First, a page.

Posted: 21 Apr 2010, 22:01
Am gasit, se numeste chiar Laki si pare vecin cu asta de azi :
http://en.wikipedia.org/wiki/Laki" onclick="window.open(this.href);return false;Consequences in Europe
An estimated 120 million tons of sulfur dioxide were emitted, approximately equivalent to three times the total annual European industrial output in 2006, and also equivalent to a Mount Pinatubo-1991 eruption every three days. This outpouring of sulfur dioxide during unusual weather conditions caused a thick haze to spread across western Europe, resulting in many thousands of deaths throughout 1783 and the winter of 1784.
The summer of 1783 was the hottest on record and a rare high pressure zone over Iceland caused the winds to blow to the south-east. The poisonous cloud drifted to Bergen in Norway, then spread to Prague in the Province of Bohemia by 17 June, Berlin by 18 June, Paris by 20 June, Le Havre by 22 June, and to Great Britain by 23 June. The fog was so thick that boats stayed in port, unable to navigate, and the sun was described as "blood coloured".
Inhaling sulfur dioxide gas causes victims to choke as their internal soft tissue swells. The local death rate in Chartres was up by 5% during August and September, with over 40 dead. In Great Britain, the records show that the additional deaths were outdoor workers, and perhaps 2-3 times above the normal rate in Bedfordshire, Lincolnshire and the east coast. It has been estimated that 23,000 British people died from the poisoning.
The haze also heated up, causing severe thunderstorms with hailstones that were reported to have killed cattle, until it dissipated in the autumn. This disruption then led to a most severe winter in 1784, in which Gilbert White at Selborne in Hampshire reported 28 days of continuous frost. The extreme winter is estimated to have caused 8,000 additional deaths in the UK. In the spring thaw, Germany and Central Europe then reported severe flood damage.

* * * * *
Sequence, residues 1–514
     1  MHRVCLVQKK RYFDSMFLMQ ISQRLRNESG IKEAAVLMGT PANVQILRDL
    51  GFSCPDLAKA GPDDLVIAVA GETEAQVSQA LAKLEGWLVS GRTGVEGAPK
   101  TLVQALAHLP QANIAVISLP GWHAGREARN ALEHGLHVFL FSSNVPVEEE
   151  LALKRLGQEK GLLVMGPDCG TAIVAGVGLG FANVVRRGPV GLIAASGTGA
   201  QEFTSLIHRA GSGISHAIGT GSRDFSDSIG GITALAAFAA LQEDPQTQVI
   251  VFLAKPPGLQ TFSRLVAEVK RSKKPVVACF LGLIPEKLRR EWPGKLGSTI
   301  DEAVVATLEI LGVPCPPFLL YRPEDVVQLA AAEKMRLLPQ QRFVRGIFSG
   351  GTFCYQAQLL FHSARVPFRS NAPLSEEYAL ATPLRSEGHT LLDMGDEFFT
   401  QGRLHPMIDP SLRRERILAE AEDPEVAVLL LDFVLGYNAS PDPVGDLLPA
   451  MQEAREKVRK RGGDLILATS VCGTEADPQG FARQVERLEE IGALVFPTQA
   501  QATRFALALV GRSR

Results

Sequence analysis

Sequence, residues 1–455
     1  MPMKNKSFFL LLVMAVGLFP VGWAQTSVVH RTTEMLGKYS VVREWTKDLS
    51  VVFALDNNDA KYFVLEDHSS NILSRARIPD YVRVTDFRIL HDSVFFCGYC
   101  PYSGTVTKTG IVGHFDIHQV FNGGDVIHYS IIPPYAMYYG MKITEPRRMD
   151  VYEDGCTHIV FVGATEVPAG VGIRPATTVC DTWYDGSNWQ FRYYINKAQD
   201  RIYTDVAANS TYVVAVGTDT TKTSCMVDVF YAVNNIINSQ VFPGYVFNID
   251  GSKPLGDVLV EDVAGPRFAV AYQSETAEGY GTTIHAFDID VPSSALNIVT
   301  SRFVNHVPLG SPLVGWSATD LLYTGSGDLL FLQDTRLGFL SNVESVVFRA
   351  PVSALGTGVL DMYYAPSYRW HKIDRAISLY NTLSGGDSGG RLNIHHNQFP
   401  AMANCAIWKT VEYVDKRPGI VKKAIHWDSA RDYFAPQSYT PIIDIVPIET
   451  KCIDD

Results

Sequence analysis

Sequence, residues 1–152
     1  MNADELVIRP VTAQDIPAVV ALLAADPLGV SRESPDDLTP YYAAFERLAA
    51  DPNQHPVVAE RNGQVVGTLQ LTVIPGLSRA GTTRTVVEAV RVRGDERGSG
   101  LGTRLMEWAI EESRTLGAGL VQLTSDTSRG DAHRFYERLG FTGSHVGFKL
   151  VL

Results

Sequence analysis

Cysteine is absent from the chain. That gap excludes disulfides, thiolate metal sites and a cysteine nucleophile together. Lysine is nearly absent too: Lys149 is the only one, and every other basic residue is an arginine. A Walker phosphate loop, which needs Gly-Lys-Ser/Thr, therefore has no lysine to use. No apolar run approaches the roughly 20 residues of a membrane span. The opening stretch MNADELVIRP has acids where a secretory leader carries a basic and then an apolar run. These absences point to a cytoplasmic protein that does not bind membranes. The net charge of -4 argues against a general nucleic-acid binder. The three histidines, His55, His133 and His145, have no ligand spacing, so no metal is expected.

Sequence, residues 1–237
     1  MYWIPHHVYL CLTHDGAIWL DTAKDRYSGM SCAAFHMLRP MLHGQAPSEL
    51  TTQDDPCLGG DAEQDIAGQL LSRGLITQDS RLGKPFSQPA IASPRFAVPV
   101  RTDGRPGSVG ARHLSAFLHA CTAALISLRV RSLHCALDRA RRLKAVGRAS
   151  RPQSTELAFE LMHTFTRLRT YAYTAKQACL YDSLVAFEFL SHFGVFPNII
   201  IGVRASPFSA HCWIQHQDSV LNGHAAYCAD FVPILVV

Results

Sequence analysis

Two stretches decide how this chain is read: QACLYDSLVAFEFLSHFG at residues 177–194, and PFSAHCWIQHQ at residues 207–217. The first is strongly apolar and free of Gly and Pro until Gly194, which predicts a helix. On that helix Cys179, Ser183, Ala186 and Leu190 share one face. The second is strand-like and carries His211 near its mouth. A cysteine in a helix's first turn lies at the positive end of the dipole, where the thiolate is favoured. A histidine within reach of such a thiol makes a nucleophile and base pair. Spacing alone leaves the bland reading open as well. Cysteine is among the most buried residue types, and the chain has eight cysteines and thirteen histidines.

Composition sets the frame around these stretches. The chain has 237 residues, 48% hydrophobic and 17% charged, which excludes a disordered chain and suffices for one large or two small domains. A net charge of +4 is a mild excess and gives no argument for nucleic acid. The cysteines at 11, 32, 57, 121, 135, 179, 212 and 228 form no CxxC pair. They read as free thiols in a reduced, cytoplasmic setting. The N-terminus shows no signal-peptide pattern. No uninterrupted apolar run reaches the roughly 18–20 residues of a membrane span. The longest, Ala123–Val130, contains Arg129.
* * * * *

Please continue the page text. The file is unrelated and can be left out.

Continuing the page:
The meteorological impact of Laki resonated on, contributing significantly to several years of extreme weather in Europe. In France a sequence of extremes included a surplus harvest in 1785 that caused poverty for rural workers, accompanied by droughts and bad winters and summers, including a violent hailstorm in 1788 that destroyed crops. This in turn contributed significantly to the build up of poverty and famine that may have contributed to the French Revolution in 1789. Laki was only a factor in a decade of climatic disruption, as Grímsvötn was erupting from 1783–1785 and a recent study of El Niño patterns also suggests an unusually strong El-Niño effect from 1789-93.